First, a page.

Thinking about a Quaker marriage?
A guide for non-members.
What happens in a Quaker Marriage ceremony?
All Quaker meetings are based on worship in silence. A Quaker meeting for the solemnization of marriage is a slightly modified version of a normal meeting for worship, and not something completely different.
The usual arrangement of the Meeting Room is changed a little when a marriage is taking place. The table is put towards one side of the room for the use of the couple, the witnesses and the registering officer. Some couples like to reserve particular seats for their families. The meeting begins when the first person takes their seat, and by the time appointed for the marriage everyone should be present and sitting in silence. As the procedure may not be familiar to all of the guests, the registering officer or another person appointed to do so stands and gives a brief explanation of what is to follow. There is then a period of silence.
When the couple are ready, they stand, take each other by the hand, and make the official declarations. The man and woman may decide which of them speaks first.
Friend, I take this my friend [name] to be my wife, promising, through divine assistance, to be unto her a loving and faithful husband, so long as we both on earth shall live.
Friend, I take this my friend [name] to be my husband, promising, through divine assistance, to be unto him a loving and faithful wife, so long as we both on earth shall live.
The declaration may be prefaced by In the presence of God or In the fear of the Lord and in the presence of this assembly. The phrase through divine assistance may be replaced by the words with God's help. The phrase so long as we both on earth shall live may be replaced by the words until it shall please the Lord by death to separate us.
The couple sign the marriage certificate, and two witnesses sign immediately afterwards. The Registering Officer reads the declaration aloud. There is then a further period of silence, in which anyone present may stand and speak if they feel that this would contribute to the spirit of worship. The most helpful contributions are usually brief, and well separated from each other by periods of silence. This is a time of shared worship in which all may ask for God's blessing on the marriage and offer their prayers for the couple. It is quite common for helpful contributions to come from people who have never been to a Quaker meeting before. Many people prefer to avoid conventional religious language, and to express their love and support for the couple in whatever words they find most natural.
Half an hour is usually allowed for the meeting, but this is flexible, and it will be allowed to continue for as long as necessary. The end of the silent worship is indicated when an elder shakes hands with the person next to them. Everyone else shakes hands with their neighbours and then the couple, the Registering Officer and the witnesses leave to complete the register. While this is being done, everyone who heard the declarations is invited to sign the marriage certificate, so making a permanent record of everyone who was present.
Who is entitled to a Quaker marriage?
When the Quaker movement began the only religious marriage ceremony available was a service in an Anglican church, and Quakers did not feel able to make use of this, so they set up their own marriage procedure. Eventually this was legally recognised, but only for couples who were both Quakers. This caused a great deal of unhappiness until the law was changed to permit marriages in which or both of the couple were not in membership.
The basis of a Friends' marriage remains the same as in the early days of the Society. (Friend is an alternative word for a Quaker) The simple Quaker wedding where the couple, together with their friends, gather in worship is for Friends the most natural setting for the two concerned to make a commitment to each other in the presence of God. With their declaration they take each other freely and equally as life-long partners, committing themselves to joining their lives in loving companionship, asking God's blessing on their union. They believe that, whatever stresses and strains may arise in the relationship, these can be resolved if both partners are able and willing to trust each other in a generous spirit. With God's help their love for each other can deepen and change in a lifetime of marriage together.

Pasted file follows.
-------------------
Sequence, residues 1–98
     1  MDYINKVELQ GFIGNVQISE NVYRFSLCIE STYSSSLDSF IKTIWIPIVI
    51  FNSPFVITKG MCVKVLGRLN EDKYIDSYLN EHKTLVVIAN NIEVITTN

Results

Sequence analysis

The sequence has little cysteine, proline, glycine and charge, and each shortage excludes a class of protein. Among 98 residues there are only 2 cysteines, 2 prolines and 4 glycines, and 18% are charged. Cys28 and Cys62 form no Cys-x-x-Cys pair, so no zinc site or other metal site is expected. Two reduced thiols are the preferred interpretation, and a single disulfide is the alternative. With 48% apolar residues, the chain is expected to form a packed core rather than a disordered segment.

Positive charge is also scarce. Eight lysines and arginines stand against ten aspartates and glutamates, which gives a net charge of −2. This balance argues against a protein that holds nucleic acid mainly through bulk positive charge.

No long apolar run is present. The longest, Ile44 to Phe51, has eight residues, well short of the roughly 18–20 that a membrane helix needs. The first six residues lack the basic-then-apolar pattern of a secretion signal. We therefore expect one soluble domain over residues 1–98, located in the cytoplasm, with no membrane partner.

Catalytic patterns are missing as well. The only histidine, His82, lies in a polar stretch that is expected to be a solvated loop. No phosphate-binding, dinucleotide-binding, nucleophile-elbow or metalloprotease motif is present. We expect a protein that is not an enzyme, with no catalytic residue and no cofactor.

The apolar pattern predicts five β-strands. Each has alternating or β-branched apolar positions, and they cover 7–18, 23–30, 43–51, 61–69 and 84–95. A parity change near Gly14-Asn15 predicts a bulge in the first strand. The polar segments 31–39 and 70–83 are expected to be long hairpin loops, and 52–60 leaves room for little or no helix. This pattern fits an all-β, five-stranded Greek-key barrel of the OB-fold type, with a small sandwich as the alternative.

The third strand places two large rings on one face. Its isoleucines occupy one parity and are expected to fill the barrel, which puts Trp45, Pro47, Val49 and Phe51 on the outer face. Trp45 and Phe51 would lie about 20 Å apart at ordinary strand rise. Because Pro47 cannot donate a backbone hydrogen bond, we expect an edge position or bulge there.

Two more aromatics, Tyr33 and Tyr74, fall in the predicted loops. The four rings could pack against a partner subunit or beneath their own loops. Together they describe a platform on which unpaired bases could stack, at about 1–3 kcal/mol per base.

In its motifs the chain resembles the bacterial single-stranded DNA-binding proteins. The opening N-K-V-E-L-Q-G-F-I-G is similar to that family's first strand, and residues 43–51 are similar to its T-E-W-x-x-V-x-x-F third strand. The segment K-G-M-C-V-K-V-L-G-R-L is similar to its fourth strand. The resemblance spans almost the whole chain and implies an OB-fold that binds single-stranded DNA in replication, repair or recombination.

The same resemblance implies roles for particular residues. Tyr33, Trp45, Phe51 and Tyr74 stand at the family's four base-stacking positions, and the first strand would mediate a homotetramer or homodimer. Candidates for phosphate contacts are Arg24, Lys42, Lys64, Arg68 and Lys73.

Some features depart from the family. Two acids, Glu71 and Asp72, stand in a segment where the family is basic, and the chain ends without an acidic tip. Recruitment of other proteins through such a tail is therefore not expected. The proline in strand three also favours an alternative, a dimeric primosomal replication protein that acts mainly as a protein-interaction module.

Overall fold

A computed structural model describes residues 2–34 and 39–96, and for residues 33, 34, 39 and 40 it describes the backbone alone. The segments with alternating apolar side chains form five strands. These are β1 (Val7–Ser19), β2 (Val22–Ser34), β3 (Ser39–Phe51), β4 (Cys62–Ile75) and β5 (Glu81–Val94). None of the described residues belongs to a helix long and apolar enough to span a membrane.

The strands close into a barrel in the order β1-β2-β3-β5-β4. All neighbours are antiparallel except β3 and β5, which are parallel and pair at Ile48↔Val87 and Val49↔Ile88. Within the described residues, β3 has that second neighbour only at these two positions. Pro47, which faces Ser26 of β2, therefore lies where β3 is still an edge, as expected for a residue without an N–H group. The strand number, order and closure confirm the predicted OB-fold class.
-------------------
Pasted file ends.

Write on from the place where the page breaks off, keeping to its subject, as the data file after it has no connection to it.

The marriage is not the work of Quaker officials, who simply carry out the legal requirements and maintain proper records. Quakers believe that they are witnesses to a solemn contract made in the presence of God in a meeting for worship. On the other hand, those who attend the meeting are not present merely as witnesses; they accept the responsibility to uphold and assist the couple throughout their married lives by their prayers, friendship and practical assistance.
Many people who come to meeting for worship on a regular basis have become very much a part of the meeting, even if they have not formally become members, and Friends try to minimise the distinction between members and attenders. Many attenders understand and accept the Quaker view of marriage, and there would be very little difficulty in their getting permission to marry in meeting. We are not under any obligation to solemnize a marriage for anyone who is not one of our members, and we need to be satisfied that non-members who apply are in unity with our beliefs about the religious nature of marriage.
It is not easy to be sure that applicants who are unknown to us have a real understanding and acceptance of what we believe, and it would not be possible for a meeting to make a real act of commitment to the future support of the couple if it was not likely to see them again, so we are cautious about accepting requests from people who are new to us. Nevertheless, our procedures have a certain degree of flexibility, and we can sometimes recognise and respond to unusual circumstances.
When couples who are not in membership wish to consider marriage in a Quaker meeting they need to consult the Registering Officer. Officers usually have advisors, and will meet with the couple so that all can come to some understanding upon which a meaningful decision can be made about whether a Quaker ceremony would be appropriate. The Registering Officer can make a decision, but may wish to refer the matter to the Monthly Meeting (the local body on whose behalf the officer acts). It is most likely that permission will be granted when the couple have an existing relationship with the meeting, or it seems likely that the initial approach concerning the marriage is likely to be followed by a long-term commitment to the meeting.